Maleo Senkawor (Macrocephalon maleo)
» Characteristics: Dominant black feathers, whitish pink lower-body side feathers, a hard crest at the top of the head
» Length: 55 centimeters
» Eggs: The size of an adult fist
» Conservation status: Endangered (International Union for Conservation of Nature)
» Population estimate: 15,000 birds
According to Wahab, one hatchery usually can accommodate 150 eggs. Four other hatcheries have been built. The total of hatching holes has reached over 2,000. In a year, the maleo egg hatcheries in Hungayono have a capacity of hatching more than 2,000 eggs. The eggs that hatch mostly come from those collected in the hot water area of Hungayono.
For the hatching of one maleo egg, Wahab claimed to have needed 60 days with soil temperatures ranging from 30 to 33 degrees Celsius. Newborn maleo chicks will emerge from the ground very slowly. It takes two days for the chicks to dig the sand until they appear on the surface. Then they will abandon the holes by scurrying to hatchery corners. Normally, the chicks will promptly be released into the wild. “In this location there are always eggs hatching every day and also chicks being released every day,” said Wahab.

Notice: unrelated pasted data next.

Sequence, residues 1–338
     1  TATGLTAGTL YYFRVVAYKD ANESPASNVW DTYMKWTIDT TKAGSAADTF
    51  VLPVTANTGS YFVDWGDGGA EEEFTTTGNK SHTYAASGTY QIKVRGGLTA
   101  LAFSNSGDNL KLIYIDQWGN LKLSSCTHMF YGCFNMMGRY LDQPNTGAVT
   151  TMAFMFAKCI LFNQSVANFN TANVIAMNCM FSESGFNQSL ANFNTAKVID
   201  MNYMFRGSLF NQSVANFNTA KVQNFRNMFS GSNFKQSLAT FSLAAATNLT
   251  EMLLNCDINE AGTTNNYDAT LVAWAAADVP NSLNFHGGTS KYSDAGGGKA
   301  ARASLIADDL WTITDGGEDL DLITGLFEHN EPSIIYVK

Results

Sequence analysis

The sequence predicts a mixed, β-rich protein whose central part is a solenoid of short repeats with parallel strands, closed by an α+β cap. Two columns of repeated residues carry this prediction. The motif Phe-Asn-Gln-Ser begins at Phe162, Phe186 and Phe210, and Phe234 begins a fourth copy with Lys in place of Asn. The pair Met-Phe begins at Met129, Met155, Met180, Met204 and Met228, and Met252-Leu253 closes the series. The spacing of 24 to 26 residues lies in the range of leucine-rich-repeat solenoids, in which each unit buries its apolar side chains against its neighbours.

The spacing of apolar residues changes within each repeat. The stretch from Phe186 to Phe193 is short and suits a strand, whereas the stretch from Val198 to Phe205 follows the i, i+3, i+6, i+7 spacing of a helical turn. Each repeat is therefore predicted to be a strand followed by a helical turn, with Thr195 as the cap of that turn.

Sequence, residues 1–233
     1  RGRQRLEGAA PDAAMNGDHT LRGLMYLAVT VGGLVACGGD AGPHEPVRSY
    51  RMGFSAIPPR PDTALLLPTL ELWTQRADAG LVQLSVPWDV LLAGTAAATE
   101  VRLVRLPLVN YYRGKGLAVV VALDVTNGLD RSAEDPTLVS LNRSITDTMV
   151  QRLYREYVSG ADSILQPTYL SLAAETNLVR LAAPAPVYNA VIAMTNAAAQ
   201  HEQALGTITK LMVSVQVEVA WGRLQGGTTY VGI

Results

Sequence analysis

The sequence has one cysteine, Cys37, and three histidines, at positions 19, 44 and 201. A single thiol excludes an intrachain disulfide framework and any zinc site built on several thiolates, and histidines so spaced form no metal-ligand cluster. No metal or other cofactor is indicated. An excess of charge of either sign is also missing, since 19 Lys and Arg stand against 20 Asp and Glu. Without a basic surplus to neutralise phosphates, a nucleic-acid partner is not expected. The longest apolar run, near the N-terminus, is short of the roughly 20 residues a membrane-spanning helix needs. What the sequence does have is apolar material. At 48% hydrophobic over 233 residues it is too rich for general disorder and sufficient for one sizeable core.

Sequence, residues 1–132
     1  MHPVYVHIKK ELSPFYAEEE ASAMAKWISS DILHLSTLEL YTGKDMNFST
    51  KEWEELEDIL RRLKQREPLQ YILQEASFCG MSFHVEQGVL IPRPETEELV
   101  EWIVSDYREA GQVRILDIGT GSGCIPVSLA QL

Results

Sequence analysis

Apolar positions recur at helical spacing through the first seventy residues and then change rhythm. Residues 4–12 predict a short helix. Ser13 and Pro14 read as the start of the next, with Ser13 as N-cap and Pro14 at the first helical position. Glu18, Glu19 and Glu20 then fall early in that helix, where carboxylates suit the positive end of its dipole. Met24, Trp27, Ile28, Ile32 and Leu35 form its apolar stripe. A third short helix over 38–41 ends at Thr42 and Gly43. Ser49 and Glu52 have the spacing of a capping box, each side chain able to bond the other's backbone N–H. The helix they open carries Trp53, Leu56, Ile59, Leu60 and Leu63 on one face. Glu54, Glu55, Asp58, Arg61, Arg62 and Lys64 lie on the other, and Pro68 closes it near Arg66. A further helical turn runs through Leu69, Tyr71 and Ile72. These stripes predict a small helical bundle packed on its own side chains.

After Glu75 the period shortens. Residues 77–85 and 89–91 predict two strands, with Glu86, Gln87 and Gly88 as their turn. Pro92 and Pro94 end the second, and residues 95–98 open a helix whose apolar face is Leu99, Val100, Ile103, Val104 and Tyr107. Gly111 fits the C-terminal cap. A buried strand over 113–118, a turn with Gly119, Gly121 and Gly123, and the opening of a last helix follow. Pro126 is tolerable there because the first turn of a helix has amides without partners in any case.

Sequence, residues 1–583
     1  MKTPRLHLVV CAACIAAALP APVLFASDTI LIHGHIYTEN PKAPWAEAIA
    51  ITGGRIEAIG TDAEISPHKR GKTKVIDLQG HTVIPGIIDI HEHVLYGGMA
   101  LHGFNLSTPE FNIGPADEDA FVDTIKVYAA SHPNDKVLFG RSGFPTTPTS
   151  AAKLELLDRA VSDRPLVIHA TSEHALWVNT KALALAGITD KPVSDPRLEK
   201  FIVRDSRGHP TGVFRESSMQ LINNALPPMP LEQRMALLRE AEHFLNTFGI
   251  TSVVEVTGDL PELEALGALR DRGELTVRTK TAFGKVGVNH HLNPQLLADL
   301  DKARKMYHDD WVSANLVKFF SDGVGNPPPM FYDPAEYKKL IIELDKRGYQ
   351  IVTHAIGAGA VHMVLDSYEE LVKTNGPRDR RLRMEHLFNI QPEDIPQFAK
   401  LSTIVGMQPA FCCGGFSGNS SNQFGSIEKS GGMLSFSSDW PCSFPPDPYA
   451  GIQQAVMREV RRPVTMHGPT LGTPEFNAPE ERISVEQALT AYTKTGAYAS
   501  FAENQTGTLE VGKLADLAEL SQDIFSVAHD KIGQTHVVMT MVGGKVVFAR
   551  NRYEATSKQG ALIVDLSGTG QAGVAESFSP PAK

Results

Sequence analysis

Maleo birds endemic to Sulawesi are terrestrial and the only bird species of genus Macrocephalon with a length of 55 centimeters. They have such characteristics as black feathers, yellow skin around their eyes, brownish red irises, gray legs, orange beaks and whitish pink lower-body side feathers. At the top of their heads are black horns or hard crests.
Previously, the population of maleo sharply decreased so that the International Union for Conservation of Nature put it on the endangered list. Maleo was also included in Appendix I of the Convention on International Trade in Endangered Species of Wild Fauna and Flora. The Indonesian government declared maleo a protected wildlife species based on the Law on the Conservation of Biological Natural Resources and their Ecosystem and Government Regulation No. 7/1999.
Bagus Tri Nugroho, Chief of the Gorontalo Region I National Park Management Section of the TNBNW, said 15 years ago maleo birds were very hard to find. “The biggest threat to maleo is actually egg hunting by men. Many people are hunting maleo eggs for consumption,” said Bagus.